Dealer Eat Dealer recruiting: How to hit your competitor where it hurts.

he one type of inquiry The Viscusi Group gets more than anything else are questions from contract furniture dealers seeking to recruit top selling producers from their competitors. “Bring me someone with a base of business and I’ll pay you a fee,” is what I and the many other  recruiters that work in the industry hear over and over again. Fair enough, I get it. Every company wants to increase its revenue and the idea of paying a third party to poach someone from a competitor with a “book of business” seems like a logical way to do that quickly. Seems like a no brainer from the client’s perspective. But, be it The Viscusi Group, or any one of our fine competitors, prying people from competitors is easier said than done. Some dealerships seem to think that they can handle the job on their own. Eventually, though, they come crawling into my office on their hands and knees begging my team to help them fill these positions. There’s a reason I have a job. Finding the right people is no simple task.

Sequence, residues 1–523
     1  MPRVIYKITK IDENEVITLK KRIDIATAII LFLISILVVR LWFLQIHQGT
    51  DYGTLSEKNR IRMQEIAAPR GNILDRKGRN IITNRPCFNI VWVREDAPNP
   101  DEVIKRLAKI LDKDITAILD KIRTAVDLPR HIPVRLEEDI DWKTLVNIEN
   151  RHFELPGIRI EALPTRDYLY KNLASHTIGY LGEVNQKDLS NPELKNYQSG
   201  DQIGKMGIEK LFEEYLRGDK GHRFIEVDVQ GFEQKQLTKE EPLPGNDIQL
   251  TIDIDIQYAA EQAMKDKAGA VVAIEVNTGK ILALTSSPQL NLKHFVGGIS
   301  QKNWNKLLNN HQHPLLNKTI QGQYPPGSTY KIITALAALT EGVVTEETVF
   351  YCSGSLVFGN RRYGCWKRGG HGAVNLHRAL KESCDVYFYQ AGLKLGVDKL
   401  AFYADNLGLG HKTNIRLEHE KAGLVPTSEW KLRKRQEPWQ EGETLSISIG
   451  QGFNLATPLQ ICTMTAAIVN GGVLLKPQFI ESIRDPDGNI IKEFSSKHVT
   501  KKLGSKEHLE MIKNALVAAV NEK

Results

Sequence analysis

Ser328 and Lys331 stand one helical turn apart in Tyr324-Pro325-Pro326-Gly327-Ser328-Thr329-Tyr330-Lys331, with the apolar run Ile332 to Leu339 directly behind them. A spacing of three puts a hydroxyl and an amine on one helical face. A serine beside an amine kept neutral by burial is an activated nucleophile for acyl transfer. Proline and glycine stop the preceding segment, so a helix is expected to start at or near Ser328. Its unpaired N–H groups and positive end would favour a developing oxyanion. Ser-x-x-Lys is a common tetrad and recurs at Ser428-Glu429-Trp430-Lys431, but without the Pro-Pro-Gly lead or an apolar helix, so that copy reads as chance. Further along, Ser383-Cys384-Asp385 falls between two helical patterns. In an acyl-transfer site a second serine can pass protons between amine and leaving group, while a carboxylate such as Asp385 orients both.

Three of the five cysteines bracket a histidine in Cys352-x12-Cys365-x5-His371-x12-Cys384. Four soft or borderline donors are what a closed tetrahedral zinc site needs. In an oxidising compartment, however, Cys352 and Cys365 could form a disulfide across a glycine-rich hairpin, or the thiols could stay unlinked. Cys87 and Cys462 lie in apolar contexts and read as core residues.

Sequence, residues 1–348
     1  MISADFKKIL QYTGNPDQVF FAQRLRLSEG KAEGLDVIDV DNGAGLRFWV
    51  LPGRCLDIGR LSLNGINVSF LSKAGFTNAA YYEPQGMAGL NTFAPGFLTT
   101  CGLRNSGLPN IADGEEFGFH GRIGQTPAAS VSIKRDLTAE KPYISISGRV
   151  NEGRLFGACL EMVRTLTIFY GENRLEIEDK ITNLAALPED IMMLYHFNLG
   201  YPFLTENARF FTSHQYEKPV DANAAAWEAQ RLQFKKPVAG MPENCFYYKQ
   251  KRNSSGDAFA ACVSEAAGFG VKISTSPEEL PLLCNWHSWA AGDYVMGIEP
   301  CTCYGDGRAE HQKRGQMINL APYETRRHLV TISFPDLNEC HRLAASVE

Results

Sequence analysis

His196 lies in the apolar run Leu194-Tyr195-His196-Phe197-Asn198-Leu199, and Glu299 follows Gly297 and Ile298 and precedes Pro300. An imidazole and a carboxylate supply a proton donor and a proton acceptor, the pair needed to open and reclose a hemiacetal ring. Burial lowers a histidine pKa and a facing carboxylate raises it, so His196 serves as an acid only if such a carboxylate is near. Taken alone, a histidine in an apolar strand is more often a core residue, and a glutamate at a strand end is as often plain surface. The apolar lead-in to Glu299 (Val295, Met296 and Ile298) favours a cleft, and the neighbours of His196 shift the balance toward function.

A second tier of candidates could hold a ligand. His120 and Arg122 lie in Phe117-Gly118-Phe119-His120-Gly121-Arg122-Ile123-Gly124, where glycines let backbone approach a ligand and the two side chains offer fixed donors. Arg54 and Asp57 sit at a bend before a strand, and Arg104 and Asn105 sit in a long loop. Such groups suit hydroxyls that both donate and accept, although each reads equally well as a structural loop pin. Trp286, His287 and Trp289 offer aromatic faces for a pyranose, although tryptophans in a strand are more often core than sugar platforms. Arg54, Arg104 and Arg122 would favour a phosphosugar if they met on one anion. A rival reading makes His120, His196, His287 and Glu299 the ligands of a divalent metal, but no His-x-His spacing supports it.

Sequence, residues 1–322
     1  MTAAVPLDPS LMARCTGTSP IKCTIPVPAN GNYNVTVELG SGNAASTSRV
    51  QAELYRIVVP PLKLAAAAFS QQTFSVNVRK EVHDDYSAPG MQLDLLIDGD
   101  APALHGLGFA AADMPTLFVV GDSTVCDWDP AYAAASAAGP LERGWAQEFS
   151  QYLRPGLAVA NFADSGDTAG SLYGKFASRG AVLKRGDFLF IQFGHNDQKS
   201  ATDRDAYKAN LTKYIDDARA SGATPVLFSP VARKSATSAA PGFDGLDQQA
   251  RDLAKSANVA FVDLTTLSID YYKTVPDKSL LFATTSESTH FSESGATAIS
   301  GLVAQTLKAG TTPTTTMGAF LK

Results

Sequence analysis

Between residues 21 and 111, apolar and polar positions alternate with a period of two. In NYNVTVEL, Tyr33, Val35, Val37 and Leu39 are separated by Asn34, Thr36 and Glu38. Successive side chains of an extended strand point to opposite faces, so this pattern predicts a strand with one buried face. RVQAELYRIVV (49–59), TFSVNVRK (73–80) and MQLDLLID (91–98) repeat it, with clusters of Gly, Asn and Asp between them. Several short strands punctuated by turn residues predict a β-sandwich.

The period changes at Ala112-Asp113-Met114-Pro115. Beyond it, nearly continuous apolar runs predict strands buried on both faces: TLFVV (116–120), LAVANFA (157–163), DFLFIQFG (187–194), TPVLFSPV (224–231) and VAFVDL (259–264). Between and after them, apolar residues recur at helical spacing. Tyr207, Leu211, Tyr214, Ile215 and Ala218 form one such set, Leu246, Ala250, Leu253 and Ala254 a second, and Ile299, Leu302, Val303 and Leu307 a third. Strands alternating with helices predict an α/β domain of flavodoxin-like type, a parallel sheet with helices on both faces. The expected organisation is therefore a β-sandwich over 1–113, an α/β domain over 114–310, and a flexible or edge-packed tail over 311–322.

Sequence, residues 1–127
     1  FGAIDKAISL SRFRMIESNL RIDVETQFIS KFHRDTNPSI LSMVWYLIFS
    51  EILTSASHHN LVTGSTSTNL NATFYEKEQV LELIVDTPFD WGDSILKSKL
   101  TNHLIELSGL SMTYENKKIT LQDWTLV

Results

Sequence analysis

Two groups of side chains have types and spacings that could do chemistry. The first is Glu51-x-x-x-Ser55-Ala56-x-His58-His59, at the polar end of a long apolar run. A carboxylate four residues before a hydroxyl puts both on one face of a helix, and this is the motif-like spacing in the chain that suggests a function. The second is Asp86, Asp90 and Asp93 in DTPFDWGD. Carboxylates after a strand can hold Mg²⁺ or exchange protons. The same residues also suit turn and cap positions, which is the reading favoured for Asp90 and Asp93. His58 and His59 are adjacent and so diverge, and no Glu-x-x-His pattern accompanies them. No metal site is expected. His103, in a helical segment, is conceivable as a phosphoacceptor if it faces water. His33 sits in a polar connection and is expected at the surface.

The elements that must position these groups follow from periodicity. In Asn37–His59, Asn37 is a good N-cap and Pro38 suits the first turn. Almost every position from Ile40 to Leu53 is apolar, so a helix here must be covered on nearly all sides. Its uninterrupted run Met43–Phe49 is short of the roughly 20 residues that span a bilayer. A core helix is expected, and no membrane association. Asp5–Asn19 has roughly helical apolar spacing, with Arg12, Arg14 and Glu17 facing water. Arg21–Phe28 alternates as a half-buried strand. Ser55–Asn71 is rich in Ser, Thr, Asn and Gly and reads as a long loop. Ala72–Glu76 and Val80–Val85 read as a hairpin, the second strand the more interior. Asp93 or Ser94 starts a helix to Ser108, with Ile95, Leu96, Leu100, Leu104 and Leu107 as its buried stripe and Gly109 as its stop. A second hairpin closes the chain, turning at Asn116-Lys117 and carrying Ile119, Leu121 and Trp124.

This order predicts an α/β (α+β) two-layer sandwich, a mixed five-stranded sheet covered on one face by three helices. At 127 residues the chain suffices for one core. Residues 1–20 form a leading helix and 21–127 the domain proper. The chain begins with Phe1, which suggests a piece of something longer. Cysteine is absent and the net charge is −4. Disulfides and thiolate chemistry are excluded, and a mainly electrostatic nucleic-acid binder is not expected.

I am always willing to dish out some information on the industry; I’m just that kind of guy. I wrote a column recently with a bit of advice about how companies can work to pull people away from competitors. Since then, I have received even more letters and emails than usual from people at dealers asking me how they can steal talent on their own and expressing frustration that they are not able to poach top sales producers from their direct competitors. Now, there are two roads I can take here. The first road is the one where I write tough luck, I’ve spent a career figuring this stuff out and I’m not just going to hand it over like a free literary journal a high schooler is hawking on a street corner. The second road is the one where I explain how thankful I am to all my readers for caring about my posts and as a sign of good faith and mutual respect I generously offer to divulge my secrets. I like to live on the edge, so I’ll split the difference and, as a public service and a thank you, dedicate this post to sharing the “headhunters guide” entry on the next best thing to recruiting top sales people from your competitors.  This is my best tip ever for you dealers out there, so pay attention!